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Philippe Bidaud: an intelligent mix of robotics and humanity

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Philippe Bidaud: for an intelligent mix of robotics and humanity


Philippe Bidaud is director of the Institute of Intelligent Systems and RoboticsNouvelle fenêtre (ISIR). The scientists in his laboratory work principally on emerging applications of robotics and intelligent systems in the fields of biology, neuroscience and cognitive science.



Philippe Bidaud

What is the ISIR?

It is a multi-disciplinary research body associated to the CNRS Institute of Information and Engineering Science and Technology. The ISIR brings together complementary skills from various different fields: engineering, computer science and information technology, neuroscience, etc., to cover the modeling and simulation of robotic systems and of complex interactions, robust commands for these systems, teleoperation and identification. We also work on systems of multimodal perception – sight, touch and speech – and of associated signal processing, on artificial intelligence for behavioral learning, and on the modeling of movement and perception in neuroscience.


What are its research aims?

We work to increase the interactive capabilities and autonomy of robotic systems. In particular, we are developing devices which combine these two dimensions for applications such as tele/micromanipulation. Micromanipulation is useful in biology and microelectronics, as is allows analysis of imperceptible objects or of reactions which are intangible to human senses. To understand how two macromolecules hold together or how a cell attaches to a receptor, scientists must be able to hold and manipulate these minuscule objects in space in a controlled manner, with nanometric precision!

So, robotics goes from the cellular scale to the human scale?

Yes, we are engaged on projects which bring together robotics and life at every level. We have created systems to assist with surgical procedures, robotic surveillance and home help devices for the elderly or disabled, visual substitution systems… We are also researching the locomotion, perception and autonomy of robotic systems, with the aim of developing robotic means of scientific exploration in difficult or complex environments. This includes not only planetary exploration, on Mars for example, but sample-taking on volcanoes, access to environments made unstable by cataclysms, etc.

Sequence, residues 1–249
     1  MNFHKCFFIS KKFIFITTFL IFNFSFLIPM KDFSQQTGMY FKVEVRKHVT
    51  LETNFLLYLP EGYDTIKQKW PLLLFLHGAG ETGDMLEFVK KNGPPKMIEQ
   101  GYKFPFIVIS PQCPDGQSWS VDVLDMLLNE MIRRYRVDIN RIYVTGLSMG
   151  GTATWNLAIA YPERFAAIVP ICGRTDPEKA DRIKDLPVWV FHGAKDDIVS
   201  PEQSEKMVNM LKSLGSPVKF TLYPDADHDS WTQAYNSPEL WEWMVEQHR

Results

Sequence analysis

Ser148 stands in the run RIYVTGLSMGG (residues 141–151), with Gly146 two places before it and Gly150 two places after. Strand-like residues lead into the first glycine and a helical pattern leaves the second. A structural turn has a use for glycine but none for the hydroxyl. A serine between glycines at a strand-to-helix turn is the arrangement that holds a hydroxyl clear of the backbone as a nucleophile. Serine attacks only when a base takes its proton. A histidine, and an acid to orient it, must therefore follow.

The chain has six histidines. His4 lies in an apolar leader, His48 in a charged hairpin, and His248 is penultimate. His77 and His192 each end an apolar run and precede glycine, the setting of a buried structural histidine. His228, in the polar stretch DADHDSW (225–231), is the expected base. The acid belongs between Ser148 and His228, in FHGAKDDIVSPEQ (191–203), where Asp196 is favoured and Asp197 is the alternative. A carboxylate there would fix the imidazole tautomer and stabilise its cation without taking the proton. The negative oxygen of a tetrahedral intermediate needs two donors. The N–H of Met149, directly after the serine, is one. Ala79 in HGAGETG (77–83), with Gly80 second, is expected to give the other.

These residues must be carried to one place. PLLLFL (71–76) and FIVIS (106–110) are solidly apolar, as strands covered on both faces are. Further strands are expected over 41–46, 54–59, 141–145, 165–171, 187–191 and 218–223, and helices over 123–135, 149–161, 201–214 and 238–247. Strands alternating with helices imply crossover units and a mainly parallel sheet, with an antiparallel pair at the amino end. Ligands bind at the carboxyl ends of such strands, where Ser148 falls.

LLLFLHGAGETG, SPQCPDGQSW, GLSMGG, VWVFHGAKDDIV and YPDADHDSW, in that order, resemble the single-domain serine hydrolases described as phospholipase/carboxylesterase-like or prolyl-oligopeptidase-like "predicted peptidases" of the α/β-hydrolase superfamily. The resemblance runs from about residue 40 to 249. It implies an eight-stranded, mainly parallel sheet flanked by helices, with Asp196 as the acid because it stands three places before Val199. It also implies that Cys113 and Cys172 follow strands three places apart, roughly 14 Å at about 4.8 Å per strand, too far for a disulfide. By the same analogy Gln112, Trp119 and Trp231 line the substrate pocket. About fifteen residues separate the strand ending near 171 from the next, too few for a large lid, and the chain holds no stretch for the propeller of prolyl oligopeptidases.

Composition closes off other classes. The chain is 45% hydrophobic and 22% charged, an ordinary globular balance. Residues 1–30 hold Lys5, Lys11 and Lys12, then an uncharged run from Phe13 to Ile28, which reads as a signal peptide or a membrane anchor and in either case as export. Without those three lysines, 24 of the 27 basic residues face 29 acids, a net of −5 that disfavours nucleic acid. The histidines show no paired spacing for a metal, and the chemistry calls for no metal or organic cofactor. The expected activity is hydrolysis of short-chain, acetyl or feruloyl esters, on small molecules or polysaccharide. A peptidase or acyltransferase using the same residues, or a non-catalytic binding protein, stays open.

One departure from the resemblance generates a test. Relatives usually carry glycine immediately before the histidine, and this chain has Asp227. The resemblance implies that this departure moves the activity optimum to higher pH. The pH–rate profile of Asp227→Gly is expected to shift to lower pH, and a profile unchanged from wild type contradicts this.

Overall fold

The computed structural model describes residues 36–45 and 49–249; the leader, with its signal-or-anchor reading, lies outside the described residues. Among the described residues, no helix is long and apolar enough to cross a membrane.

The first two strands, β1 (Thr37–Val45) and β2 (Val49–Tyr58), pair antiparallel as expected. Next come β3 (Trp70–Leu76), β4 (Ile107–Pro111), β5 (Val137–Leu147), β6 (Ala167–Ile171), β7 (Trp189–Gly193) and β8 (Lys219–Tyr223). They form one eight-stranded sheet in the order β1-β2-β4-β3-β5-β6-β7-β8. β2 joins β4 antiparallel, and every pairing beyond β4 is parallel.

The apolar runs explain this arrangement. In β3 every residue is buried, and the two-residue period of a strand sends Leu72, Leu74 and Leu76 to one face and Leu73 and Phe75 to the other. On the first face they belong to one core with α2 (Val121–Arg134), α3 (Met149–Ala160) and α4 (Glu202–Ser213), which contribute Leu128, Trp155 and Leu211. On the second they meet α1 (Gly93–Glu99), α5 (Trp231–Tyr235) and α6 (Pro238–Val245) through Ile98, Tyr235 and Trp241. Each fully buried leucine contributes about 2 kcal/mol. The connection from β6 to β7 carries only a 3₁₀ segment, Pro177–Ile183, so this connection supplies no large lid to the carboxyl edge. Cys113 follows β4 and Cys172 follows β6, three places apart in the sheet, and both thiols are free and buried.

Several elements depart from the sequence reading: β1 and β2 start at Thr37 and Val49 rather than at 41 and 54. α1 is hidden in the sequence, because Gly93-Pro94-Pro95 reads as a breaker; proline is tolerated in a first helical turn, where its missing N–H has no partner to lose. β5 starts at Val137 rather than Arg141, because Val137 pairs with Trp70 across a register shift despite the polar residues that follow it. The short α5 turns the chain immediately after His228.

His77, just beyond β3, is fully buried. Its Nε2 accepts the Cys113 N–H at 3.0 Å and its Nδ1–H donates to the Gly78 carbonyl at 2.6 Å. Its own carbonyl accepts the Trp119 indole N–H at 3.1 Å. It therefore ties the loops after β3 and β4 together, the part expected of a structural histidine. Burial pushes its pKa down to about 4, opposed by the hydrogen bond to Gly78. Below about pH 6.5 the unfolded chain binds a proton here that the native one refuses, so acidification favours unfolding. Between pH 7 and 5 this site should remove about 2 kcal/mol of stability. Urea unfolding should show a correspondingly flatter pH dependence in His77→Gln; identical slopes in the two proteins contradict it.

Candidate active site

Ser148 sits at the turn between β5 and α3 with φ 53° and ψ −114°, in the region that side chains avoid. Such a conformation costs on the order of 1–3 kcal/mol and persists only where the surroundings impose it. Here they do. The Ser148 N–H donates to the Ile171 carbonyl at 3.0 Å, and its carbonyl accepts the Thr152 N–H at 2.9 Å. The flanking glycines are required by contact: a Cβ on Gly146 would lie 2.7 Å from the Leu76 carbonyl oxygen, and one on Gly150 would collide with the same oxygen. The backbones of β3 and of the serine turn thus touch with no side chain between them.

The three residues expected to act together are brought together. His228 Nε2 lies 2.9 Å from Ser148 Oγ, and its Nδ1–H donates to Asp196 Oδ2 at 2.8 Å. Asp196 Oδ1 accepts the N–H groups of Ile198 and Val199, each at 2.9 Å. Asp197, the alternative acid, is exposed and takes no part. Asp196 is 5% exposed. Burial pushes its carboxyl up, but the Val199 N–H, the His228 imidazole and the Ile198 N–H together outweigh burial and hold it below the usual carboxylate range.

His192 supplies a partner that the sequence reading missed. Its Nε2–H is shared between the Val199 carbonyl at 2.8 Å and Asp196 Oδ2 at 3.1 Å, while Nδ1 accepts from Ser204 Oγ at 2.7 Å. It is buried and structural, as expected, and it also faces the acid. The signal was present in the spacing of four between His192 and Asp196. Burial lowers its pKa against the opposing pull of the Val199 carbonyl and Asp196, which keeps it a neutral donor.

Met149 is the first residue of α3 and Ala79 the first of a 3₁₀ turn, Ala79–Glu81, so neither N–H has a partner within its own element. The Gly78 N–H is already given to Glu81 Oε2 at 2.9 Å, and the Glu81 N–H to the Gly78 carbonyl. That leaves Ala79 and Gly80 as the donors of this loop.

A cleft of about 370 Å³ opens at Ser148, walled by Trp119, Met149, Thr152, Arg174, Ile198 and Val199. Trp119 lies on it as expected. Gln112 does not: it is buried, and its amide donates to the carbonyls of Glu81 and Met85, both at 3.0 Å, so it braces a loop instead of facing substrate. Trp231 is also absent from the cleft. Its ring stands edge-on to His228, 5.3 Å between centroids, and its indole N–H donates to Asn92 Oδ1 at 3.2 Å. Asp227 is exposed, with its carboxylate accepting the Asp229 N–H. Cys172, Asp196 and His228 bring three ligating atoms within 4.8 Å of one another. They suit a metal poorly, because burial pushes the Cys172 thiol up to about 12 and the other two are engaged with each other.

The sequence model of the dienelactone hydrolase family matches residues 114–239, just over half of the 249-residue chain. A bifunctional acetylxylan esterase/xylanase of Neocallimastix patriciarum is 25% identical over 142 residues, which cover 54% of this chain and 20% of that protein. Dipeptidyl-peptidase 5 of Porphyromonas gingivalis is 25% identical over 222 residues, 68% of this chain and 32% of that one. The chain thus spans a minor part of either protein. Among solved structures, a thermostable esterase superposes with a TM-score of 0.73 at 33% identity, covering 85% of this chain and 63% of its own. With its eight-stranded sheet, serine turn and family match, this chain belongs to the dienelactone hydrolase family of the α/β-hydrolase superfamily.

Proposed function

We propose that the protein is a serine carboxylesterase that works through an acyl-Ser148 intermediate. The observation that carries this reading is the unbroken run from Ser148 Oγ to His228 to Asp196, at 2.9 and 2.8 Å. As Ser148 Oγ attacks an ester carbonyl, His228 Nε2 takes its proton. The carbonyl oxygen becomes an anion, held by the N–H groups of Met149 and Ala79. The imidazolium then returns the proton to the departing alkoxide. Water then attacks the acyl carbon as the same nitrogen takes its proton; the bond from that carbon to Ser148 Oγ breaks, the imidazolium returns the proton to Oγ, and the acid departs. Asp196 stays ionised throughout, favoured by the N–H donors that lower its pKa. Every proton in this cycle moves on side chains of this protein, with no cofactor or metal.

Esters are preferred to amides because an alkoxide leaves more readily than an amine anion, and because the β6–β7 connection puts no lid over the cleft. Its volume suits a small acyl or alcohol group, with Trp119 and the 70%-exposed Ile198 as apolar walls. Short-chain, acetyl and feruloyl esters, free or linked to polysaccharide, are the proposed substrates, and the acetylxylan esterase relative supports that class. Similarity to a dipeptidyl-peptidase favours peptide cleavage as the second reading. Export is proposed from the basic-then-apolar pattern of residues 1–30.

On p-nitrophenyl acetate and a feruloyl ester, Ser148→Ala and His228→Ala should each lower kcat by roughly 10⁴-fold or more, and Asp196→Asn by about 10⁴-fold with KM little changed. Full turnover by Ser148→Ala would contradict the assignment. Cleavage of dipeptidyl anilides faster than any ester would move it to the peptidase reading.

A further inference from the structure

Which line of research do you focus on personally?

Human beings’ motor control results from all we have learnt, little by little, about the best way of building muscle-skeleton synergies which help us master our body language. It is possible to reproduce this learning in our robots. In the past they were programmed deterministically, but now we try to transpose our most advanced understanding of neuronal structures to robotics by integrating motor control learning techniques. I think that these aspects of our research are of great scientific importance.

Is it likely that robots will develop complete autonomy, like in science-fiction films?

These learning techniques are liable to allow a robot to enrich its knowledge of its environment and if its own person, so to speak. That will substantially modify its behavior and give it the autonomy to evolve. We are already capable of teaching robots to speak and develop emotions! Evolutionist robotics is at present a veritable subject of research, but obviously it implies significant ethical questions.

Are robotics and artificial intelligence only good for miming human complexity?

No, our research does not aim simply to produce more and more sophisticated machines. Models which allow us to better understand how a gesture is chosen, or how hand-eye coordination works, can help objectify a great number of human disorders and deficits. Our research in life sciences and medicine in a broad sense are much more profitable than their transpositions to mechatronic artifacts. Our objective is not to constitute a zoo of machines each more exotic than the last! It is on the fundamental knowledge of human functions that our contributions have the most impact.

Interview by Emmanuelle Manck